Read the full article ‘When I met The Girl in the Hard Hat’

So tell me, how is your build going?

Since building my own house I am still very much interested in what other self-builders Blog small
are up to. I sometimes mourn the fact that Mr Clark and I probably won’t be taking on another build in the near future, so I reckon the next best thing would be to poke my snoot into other people’s business.

As luck would have it I know some people who are building their own homes at the moment. They have kindly accepted my request for an interview, and happily enough are more than pleased to be able pass on their essential top tips to other aspiring housebuilding adventurers.

This week I had the great fortune to talk to a friend who is just starting out on his build after many months of preparation. We will mysteriously call him Mr X. Why? I hear you ask. Well I could tell you, but then I’d have to kill you, let’s leave it there.

Read the full article ‘So tell me, how is your build going?’

 

Mandy Clark’s tips for working with builders

In an ideal world:

Getting quotes: Get three quotes for each trade if you are employing subcontractors – the same applies if you are employing a general builder.

Recommendations: Use people who have been recommended to you and if possible go and see their work.

Contracts: Get a price for the job and a schedule of works from each trade – as well as a signed contract. Make sure they have covered everything in their quote so there are no nasty surprises.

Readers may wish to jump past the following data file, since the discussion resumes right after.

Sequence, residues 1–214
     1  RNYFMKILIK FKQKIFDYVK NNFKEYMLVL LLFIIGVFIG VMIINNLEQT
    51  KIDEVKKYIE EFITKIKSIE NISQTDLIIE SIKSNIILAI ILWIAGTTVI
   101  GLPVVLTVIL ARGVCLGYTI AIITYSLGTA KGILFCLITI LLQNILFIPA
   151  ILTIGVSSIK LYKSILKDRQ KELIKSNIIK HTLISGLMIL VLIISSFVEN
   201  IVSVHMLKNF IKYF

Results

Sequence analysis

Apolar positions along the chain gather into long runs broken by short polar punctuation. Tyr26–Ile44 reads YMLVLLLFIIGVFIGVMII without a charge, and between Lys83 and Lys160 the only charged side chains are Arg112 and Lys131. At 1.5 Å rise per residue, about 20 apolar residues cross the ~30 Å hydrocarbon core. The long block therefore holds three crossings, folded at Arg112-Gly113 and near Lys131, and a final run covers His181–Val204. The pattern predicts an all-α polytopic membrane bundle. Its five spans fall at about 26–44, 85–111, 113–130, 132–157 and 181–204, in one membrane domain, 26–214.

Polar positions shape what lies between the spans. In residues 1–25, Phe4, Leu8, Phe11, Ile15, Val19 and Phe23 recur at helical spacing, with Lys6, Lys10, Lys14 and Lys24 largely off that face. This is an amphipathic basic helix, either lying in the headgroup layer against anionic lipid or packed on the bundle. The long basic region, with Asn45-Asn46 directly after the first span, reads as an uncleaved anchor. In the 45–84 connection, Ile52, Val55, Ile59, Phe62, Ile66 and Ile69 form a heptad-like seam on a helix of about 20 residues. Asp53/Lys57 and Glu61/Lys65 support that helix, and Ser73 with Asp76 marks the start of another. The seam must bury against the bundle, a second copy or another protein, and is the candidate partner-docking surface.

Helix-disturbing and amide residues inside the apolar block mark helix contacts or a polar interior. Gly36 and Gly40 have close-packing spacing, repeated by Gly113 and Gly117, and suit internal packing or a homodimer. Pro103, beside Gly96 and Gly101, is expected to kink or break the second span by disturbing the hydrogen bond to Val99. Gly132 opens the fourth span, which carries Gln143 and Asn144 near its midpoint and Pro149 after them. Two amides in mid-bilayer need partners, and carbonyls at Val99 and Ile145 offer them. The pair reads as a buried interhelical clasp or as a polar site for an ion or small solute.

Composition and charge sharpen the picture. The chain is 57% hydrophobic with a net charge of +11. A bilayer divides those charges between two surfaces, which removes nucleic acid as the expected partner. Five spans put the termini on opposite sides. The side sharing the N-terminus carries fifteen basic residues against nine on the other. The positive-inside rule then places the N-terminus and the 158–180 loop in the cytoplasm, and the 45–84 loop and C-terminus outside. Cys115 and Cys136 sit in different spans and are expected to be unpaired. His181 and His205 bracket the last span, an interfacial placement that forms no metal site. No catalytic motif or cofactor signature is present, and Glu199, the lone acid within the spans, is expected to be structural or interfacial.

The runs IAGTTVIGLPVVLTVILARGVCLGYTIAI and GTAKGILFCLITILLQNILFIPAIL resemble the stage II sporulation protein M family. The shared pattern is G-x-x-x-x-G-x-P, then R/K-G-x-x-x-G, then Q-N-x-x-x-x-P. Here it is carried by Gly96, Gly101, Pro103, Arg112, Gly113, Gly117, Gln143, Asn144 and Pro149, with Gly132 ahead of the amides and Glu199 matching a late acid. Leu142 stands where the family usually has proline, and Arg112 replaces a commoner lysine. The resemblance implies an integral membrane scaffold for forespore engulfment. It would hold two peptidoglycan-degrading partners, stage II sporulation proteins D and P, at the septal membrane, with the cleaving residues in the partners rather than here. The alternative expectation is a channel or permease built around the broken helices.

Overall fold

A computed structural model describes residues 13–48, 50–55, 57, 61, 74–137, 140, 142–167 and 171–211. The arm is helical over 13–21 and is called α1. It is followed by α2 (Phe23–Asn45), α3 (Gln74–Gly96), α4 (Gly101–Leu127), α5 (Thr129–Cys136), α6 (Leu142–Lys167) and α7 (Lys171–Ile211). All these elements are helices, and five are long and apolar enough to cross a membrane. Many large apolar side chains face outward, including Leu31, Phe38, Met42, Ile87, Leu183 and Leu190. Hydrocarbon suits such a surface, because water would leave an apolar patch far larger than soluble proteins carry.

Communication: Make sure you communicate well with your subcontractors.

In real life:

Getting quotes: Some people won’t bother to get back to you at all, even if you do leave them a few messages (trying very hard not to hassle them) so it may be quite difficult to get three quotes. If your start date is looming and your wipeable wall calendar has its schedule mapped out, you may have to be extremely flexible with start dates – keep your wiping cloth handy. Some subcontractors are very professional however – you can tell by the state of their van.

Recommendations: Even if people have been recommended to you and you have seen their work it can still go wrong, (see Communication). If you employ fabulous and helpful subcontractors you can then happily give their details to other people.

Contracts: Some subcontractors may be slippery customers who say they will sign document to seal the deal, but in fact they will put it off for as long as possible or perhaps never sign it. They might then tell you that they haven’t accounted for this … and for that. Don’t be taken in by it. If they demand expensive fixings, stick up for yourself and get them to use cheaper ones. (Isn’t hindsight a wonderful thing)?